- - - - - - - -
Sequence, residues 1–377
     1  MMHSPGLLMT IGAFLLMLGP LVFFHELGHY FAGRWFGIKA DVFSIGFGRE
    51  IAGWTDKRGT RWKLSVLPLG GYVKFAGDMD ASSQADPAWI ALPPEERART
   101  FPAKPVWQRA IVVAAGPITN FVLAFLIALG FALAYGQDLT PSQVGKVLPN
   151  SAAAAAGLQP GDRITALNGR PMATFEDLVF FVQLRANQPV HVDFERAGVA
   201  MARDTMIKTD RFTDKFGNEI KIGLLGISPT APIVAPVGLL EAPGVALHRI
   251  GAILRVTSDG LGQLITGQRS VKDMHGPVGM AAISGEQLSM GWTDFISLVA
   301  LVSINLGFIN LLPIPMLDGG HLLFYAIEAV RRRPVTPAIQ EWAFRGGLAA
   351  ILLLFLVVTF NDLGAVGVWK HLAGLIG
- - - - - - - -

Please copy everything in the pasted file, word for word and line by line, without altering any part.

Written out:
Sequence, residues 1–377
     1  MMHSPGLLMT IGAFLLMLGP LVFFHELGHY FAGRWFGIKA DVFSIGFGRE
    51  IAGWTDKRGT RWKLSVLPLG GYVKFAGDMD ASSQADPAWI ALPPEERART
   101  FPAKPVWQRA IVVAAGPITN FVLAFLIALG FALAYGQDLT PSQVGKVLPN
   151  SAAAAAGLQP GDRITALNGR PMATFEDLVF FVQLRANQPV HVDFERAGVA
   201  MARDTMIKTD RFTDKFGNEI KIGLLGISPT APIVAPVGLL EAPGVALHRI
   251  GAILRVTSDG LGQLITGQRS VKDMHGPVGM AAISGEQLSM GWTDFISLVA
   301  LVSINLGFIN LLPIPMLDGG HLLFYAIEAV RRRPVTPAIQ EWAFRGGLAA
   351  ILLLFLVVTF NDLGAVGVWK HLAGLIG